What a Difference a Day Makes

For you kids out there, i.e., anybody born after Elvis Presley burst on the music scene, there once was a time when there were words to music to match melody, words one could remember (and not have to learn a new language to do so). In that time of dinosaurs, there was a popular crooning (a strange word to the young as there is no such thing anymore) song entitled "What A Difference A Day Makes."

The song ought to become the Dodgers new theme song. Both Vin Scully and Tommy Lasorda were around then. Vin will remember the words as he has remembered all the good ones from Billy Shakespeare to the present. Tommy might vaguely remember but unfortunately the words he remembers the most are usually limited to his own.

The Dodgers, deader than Hillary Clinton's chances of becoming president in 6 1/2 weeks, as we opined last week, had a Lazarus-like epiphany and are not only breathing into their second (ugh) road series, they still have a 4 1/2 game lead even after the loss to Colorado in the final game of that series. Cincinnati is to thank for that.

As they used to say in Brooklyn, who'd a thunk it?

Back in the days when "What A Difference A Day Makes" was popular, comedians resorted more often than not to ethnic humor. Kids, many things were not yet politically incorrect.

Amos 'an Andy were the rage. Back in those days, there was a popular joke, at the expense of Polish Americans, who, like the Irish and the Canadians and the Italians - anybody but WASPS (aka White Anglo Saxon Protestants), were considered by Ivy Leaguers and others to be somewhat deficient between the ears, kind of like big league managers and general managers.

The joke goes (it takes two people to tell it):

I want you to ask me two questions.

Okay.

The first question is 'Is it true you're the world's greatest living Polish comedian?'

Okay, I got it.

The second question is 'Do what do you attribute your success?'

Okay.

Ask me the first question.

"Is it true you're the world's greatest living Polish comedian?"

That's right.

"Do what..."

"TIMING!"

Like in that joke, poor taste and all, lies the history of the Dodgers 2008 season. Timing.

Half a month ago, the Dodgers stunk, kinda' like week-old fish (this being a sports gig rather than politics, we can still use such words). Today, they are smelling like roses. Same guys, same manager, same GM, but the world has changed in what seems like a blink of any eye.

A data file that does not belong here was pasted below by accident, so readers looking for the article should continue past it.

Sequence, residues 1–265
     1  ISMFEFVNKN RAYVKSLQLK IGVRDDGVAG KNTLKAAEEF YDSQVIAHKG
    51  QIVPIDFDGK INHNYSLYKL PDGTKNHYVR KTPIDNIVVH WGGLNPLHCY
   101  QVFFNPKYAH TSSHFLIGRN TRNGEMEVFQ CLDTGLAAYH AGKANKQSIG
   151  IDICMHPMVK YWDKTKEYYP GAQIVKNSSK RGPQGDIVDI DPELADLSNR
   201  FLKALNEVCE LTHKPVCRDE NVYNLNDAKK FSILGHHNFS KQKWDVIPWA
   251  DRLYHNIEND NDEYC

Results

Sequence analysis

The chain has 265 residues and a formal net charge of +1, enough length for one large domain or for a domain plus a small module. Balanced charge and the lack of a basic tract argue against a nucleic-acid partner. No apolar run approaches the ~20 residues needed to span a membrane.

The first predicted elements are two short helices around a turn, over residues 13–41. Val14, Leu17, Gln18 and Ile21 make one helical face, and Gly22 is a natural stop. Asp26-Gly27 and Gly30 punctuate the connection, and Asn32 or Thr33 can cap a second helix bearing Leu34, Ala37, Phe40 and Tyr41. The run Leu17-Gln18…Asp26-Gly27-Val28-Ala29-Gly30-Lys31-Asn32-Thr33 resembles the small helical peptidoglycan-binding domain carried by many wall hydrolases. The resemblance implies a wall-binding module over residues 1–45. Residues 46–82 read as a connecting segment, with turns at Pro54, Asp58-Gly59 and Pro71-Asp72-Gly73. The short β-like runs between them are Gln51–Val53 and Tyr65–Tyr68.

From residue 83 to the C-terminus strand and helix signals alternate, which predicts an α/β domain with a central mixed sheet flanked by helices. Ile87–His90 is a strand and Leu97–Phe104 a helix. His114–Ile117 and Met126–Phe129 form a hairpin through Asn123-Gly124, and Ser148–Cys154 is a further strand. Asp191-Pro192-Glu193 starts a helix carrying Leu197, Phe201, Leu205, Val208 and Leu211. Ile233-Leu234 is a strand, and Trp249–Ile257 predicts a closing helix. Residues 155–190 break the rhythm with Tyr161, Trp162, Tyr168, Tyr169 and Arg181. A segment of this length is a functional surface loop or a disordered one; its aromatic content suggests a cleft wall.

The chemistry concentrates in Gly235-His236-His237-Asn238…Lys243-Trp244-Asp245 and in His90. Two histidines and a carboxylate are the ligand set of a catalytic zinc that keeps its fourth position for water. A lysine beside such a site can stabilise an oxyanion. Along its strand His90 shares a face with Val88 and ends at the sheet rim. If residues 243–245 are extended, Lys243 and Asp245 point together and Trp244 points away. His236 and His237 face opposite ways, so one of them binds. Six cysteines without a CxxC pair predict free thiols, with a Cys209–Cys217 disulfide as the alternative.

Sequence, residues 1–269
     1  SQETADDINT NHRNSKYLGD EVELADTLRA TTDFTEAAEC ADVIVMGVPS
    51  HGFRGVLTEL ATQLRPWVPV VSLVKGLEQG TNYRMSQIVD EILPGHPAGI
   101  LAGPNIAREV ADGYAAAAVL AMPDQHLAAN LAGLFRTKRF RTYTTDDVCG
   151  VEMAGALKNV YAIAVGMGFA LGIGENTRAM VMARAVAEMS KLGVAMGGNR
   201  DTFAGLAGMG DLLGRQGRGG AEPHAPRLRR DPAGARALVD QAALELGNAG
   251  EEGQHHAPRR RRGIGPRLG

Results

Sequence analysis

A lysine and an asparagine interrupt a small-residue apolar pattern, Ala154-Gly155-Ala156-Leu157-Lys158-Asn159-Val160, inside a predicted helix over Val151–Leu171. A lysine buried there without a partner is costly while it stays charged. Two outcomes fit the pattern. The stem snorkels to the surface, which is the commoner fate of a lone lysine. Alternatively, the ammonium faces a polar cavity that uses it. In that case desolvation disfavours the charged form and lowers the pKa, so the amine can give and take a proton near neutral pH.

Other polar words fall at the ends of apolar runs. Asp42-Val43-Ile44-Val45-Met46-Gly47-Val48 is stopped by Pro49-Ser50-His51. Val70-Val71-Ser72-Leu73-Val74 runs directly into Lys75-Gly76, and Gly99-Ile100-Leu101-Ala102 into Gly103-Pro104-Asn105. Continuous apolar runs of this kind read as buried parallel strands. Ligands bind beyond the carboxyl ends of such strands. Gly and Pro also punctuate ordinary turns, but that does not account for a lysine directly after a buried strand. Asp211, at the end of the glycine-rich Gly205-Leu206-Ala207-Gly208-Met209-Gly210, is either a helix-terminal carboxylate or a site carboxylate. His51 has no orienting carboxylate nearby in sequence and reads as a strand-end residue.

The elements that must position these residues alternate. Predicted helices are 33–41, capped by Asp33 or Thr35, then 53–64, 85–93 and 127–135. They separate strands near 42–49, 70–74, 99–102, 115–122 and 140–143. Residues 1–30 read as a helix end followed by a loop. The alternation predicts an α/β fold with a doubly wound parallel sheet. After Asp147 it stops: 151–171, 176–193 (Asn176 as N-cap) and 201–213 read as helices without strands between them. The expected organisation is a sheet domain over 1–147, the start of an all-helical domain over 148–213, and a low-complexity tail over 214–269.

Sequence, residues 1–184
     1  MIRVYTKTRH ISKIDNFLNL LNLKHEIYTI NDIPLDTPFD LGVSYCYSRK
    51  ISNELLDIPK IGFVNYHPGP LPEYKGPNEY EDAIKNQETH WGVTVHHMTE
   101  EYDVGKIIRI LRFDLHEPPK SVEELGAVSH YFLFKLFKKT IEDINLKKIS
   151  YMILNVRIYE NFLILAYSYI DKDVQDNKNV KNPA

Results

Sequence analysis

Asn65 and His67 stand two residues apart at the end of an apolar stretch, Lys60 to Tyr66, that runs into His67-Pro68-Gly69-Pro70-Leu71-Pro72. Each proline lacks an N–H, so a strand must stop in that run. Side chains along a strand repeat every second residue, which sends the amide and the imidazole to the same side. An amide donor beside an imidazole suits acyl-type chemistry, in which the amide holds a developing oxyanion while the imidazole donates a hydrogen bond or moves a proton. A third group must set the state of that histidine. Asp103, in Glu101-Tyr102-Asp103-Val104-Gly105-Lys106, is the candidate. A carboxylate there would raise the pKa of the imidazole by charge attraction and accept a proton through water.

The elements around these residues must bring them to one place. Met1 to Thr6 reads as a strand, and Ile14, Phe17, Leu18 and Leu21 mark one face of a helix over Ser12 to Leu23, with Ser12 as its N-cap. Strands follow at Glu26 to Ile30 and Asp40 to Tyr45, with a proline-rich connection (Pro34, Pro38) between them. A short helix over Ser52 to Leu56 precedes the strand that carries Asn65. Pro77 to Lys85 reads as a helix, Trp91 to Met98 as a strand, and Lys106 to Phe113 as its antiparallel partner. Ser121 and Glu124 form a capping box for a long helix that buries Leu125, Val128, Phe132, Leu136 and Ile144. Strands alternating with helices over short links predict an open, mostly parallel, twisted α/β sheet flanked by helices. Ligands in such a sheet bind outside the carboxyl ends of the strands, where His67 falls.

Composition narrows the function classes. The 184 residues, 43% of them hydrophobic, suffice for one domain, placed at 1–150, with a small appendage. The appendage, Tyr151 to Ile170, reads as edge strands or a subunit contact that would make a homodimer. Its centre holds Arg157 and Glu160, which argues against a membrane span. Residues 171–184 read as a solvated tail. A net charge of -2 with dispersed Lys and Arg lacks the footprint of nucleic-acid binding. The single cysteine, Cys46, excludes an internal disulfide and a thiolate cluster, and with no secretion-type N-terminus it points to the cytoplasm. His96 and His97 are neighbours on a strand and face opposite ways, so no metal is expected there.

The Dodgers were bad. It turns out Arizona was worse.

As the old saying goes, "I'd rather be lucky than good!"

In long seasons, almost every team, even the bad ones and so-so ones (the Dodgers are at least one if not the other) has one lucky streak where the hits fall in, they get rather than are bit by the tweeners, where the other team's hardest hit balls are at 'em balls and yours find the gaps.

The Dodgers are having their's right now. Very timely too. Doesn't make Joe Torre any smarter (he's still using Mark Sweeney isnt he?).

P.S. next time the Dodgers redo Andre Ethier's contract, would they please consider giving him a bonus if he refrains from conjugal performances at such times as the result could require his absence when we need him?

P.P.S. Urgent new flash to whomever will be the Dodgers GM after the season. A story in the Atlanta Constitution over the weekend has the Braves figuring out their losing season was due to "too many old pitchers".

Since the Braves have suckered the Dodgers into taking their over the hill or injury prone guys in recent years, please avoid the impulse to continue the same pattern.

Brains in every front office being what they are these days, consider this: please do not spend any McCourt dollars on Mssrs. Glavine or Smoltz or Hampton or even Forgot How To Hit Francouer (this year's Andruw Jones).

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